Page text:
GameStop is now individually notifying customers that a recent security breach may have compromised their personal and payment card information, nearly two months after publicly acknowledging the breach. In postal letters sent to affected customers last week, GameStop confirmed that an undisclosed number of online customers may have had their payment card details stolen in a breach that occurred between 10 August 2016 and 9 February 2017.

Hackers were able to gain access to customers' names, addresses, payment card numbers, expiration dates as well as the three-digit card verification values (CVV2) usually found on the back of payment cards.

In April, GameStop said it was notified by a third party that the payment card details of customers of some of its GameStop.com customers were being offered up for sale on a website. Security blog KrebsOnSecurity first reported the possible breach.

GameStop said it launched an investigation into the suspected breach following the report and hired a "leading cybersecurity firm" to assist them. It later mailed notification letters to customers who made or attempted to make purchases through its website during the time frame of the attack.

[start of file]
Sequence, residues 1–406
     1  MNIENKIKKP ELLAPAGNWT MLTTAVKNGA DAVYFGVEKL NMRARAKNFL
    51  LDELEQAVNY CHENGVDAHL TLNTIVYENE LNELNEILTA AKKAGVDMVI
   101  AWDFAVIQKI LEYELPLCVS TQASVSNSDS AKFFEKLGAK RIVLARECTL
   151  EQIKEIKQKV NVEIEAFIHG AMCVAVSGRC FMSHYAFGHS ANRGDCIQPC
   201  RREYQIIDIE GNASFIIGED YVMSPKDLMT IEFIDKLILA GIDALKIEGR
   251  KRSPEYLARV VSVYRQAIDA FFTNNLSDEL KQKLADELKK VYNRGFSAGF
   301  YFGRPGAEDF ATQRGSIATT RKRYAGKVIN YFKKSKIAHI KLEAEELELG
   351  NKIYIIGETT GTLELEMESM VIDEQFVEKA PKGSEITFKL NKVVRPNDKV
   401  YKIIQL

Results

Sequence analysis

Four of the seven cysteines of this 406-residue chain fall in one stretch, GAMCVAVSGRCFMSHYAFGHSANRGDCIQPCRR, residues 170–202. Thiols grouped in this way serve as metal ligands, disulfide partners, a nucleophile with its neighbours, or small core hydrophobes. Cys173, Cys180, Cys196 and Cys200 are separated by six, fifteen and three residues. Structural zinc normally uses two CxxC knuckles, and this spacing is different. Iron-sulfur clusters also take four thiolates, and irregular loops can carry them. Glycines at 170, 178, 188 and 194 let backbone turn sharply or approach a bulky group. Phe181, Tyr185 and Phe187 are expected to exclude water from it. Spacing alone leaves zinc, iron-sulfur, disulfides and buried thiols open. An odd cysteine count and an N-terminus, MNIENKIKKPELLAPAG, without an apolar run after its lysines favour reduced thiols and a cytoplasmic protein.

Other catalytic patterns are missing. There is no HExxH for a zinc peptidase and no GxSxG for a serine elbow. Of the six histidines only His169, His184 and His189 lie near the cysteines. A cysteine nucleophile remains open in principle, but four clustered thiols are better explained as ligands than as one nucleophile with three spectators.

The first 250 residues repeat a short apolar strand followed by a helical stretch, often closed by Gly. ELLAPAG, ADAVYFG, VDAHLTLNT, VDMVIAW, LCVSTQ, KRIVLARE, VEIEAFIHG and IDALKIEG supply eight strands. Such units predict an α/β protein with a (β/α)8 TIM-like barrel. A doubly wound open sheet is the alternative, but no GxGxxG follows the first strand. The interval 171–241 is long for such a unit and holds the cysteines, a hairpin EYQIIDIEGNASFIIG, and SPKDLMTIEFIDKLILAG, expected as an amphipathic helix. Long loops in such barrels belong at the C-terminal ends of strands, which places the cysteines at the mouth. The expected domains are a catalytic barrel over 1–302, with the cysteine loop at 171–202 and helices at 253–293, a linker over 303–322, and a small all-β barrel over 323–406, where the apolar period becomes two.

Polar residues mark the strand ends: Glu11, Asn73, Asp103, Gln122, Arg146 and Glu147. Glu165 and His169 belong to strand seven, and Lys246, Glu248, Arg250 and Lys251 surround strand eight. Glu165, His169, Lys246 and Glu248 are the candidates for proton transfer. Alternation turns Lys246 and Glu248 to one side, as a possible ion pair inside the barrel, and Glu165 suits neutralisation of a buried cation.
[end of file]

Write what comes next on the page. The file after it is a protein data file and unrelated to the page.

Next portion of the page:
"Although the investigation did not identify evidence of unauthorized access to payment card data, we determined on April 18, 2017 that the potential for what to have occurred existed for certain transactions," GameStop CEO J. Paul Raines, wrote in a letter dated June 2 sent to impacted customers.

"We take the security of our customer's personal information very seriously. Once we learned of this incident, we took immediate action including initiating an internal review, engaging independent forensic experts to assist us in the investigation and remediation of our systems and alerting law enforcement. To help prevent this type of incident from happening again, we are continuing to take steps to strengthen the security of our network."

GameStop has not revealed how many people were impacted by the breach or how the data was stolen. However, the number of customers affected could be significant given that the attack reportedly occurred during the busy holiday sales season.

Online merchants are also not supposed to store CVV2 codes on their e-commerce sites.

Many irked customers took to social media to question why the retailer took so long to notify them about the breach and chose to do so via snail mail.

GameStop has about 7,500 retail stores across the globe and recently announced plans to close over 150 "non-productive" stores following poor fourth-quarter sales. The retailer also continues to face fierce competition with other major firms including Amazon, Walmart and BestBuy as customers shift towards online shopping while the gaming industry pivots towards digital games and downloads.